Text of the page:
-w <node>if you require a specific node, or
--qos=<qos> if you require a different QOS than the defualt one.
After the job was allocated, it is possible to SSH into Turing:
ssh -X turing01
Then load the latest version of Singularity
module load singularity
Now you are ready interactive GPU jobs through singularity. For example to run an interactive Python session in the Tensorflow container provided in Liger:
singularity exec --nv /softs/singularity/containers/ai/tensorflow-ngc-plot.simg ipython3 --pylab
A list of all available containers in Liger can be found here: Using and building containers.
When running time consuming computations, such as deep learning trainings with long convergence periods, dataset generation etc. you might want to submit a job and let it run in the system until it finishes. This was exactly the case for the MNIST training in the Quick start page.
sbatch command can be used for this type of submission. An sbatch file needs to be implemented with the correct instructions to be used on GPU resources (see below and reference ). Below an example batch submission file. Let's assume that we want to execute a Python AI training program called
train.py, this would be your
#!/bin/bash #SBATCH --job-name=single_gpu # name of job #SBATCH --account=<project_id> # replace <project_id> by your project ID #SBATCH --ntasks=1 # total number of processes (= number of GPUs here) #SBATCH -p gpus # name of the GPU partition #SBATCH -w turing01 # name of the target GPU server: Turing #SBATCH --gres=gpu:1 # number of GPUs (1/4 of GPUs) #SBATCH --cpus-per-task=12 # number of cores per task (1/4 of the 4-GPUs node) # /!\ Caution, "multithread" in Slurm vocabulary refers to hyperthreading. #SBATCH --hint=nomultithread # hyperthreading is deactivated #SBATCH --time=00:10:00 # maximum execution time requested (HH:MM:SS) #SBATCH --output=gpu_single%j.out # name of output file #SBATCH --error=gpu_single%j.out # name of error file (here, appended with the output file) # cleans out the modules loaded in interactive and inherited by default module purge # load Singularity module load singularity # echo of launched commands set -x # code execution. As in the previous examples, use singularity to submit your job in a # container that you chose. Let's use the TF container once again singularity exec --nv -B ./:app \ # tell singularity to run a program with nvidia gpus # copy the current folder in the container /softs/singularity/containers/ai/tensorflow-ngc-plot.simg \ # container name python3 \ # command to run - Python interpreter in this case train.py # python file with AI training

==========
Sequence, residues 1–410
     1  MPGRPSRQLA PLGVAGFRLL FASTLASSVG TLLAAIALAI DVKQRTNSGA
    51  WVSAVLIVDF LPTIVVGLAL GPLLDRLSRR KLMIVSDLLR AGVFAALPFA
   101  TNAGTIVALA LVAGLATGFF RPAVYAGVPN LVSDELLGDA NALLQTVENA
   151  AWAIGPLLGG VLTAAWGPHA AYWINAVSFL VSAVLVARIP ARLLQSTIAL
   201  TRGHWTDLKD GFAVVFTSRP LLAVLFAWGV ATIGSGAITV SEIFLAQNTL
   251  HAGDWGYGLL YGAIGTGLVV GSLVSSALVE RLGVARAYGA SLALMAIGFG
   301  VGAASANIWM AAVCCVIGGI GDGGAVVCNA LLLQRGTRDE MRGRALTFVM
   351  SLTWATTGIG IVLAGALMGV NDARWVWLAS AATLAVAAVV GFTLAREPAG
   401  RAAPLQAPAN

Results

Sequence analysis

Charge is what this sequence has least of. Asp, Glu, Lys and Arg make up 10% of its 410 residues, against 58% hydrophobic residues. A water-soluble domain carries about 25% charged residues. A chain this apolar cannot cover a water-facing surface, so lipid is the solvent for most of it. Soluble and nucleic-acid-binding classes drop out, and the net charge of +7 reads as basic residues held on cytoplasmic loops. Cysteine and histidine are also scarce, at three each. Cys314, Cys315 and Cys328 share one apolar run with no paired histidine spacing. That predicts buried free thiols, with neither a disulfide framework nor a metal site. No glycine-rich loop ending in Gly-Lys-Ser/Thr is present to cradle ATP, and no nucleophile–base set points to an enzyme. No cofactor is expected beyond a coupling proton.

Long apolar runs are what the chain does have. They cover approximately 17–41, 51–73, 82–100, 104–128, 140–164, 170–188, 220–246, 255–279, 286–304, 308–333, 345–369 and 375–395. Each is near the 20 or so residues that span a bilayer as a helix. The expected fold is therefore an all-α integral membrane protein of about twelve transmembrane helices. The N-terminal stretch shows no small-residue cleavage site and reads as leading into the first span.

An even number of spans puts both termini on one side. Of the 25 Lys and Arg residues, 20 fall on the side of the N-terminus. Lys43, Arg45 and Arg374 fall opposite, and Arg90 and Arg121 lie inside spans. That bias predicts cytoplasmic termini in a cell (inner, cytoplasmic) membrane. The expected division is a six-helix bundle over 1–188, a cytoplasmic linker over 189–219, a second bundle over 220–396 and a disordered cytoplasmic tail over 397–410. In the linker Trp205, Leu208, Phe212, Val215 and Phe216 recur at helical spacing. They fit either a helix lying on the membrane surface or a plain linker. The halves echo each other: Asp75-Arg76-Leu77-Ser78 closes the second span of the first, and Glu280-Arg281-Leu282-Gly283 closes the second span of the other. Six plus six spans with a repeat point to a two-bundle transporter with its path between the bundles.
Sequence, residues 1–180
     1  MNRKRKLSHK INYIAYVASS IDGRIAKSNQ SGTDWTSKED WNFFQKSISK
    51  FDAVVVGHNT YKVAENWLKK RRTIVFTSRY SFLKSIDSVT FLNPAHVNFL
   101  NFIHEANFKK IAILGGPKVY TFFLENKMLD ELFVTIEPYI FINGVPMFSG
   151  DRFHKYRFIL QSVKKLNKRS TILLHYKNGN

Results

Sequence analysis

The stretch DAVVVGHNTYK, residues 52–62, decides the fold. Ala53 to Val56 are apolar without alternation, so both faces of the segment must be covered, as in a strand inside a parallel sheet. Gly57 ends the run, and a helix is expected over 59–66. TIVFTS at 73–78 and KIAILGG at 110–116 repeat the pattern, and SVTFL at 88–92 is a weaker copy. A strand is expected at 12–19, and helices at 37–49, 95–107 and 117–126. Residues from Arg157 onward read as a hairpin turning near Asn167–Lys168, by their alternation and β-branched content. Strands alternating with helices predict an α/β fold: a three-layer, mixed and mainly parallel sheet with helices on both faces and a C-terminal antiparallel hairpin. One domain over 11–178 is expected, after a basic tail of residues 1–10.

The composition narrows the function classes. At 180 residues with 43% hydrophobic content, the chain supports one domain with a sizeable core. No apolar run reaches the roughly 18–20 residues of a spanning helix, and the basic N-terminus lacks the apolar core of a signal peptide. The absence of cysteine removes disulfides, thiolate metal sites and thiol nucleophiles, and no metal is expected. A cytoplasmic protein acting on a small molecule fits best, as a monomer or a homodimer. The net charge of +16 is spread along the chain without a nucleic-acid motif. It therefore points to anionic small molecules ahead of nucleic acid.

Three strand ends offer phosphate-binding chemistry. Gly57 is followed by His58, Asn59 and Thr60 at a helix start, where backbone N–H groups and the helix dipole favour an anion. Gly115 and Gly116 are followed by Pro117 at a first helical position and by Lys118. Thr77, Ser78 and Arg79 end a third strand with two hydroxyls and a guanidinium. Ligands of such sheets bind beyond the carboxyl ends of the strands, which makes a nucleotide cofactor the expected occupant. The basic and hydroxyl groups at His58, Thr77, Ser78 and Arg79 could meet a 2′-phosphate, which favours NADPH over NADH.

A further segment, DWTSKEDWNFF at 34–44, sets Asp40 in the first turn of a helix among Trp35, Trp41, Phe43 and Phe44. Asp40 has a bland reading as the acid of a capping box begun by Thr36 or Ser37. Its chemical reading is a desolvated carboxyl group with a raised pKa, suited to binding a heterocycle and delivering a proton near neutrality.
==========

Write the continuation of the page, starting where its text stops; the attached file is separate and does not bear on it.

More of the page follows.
Then copy the files to Liger (assuming you are in the same folder of your files):
scp train.py <LIGER-ID>@liger scp job_script.sh <LIGER-ID>@liger
SSH into Liger (remember the -X to enable visualisation):
ssh -X <username>@liger
And submit your job thrugh sbatch:
If the resources are available, your job will be sumbitted on Turing and run until it finishes.
Refer to the
exec.sl file in the repository for another example of bash script.
Refer to the Troubleshooting page.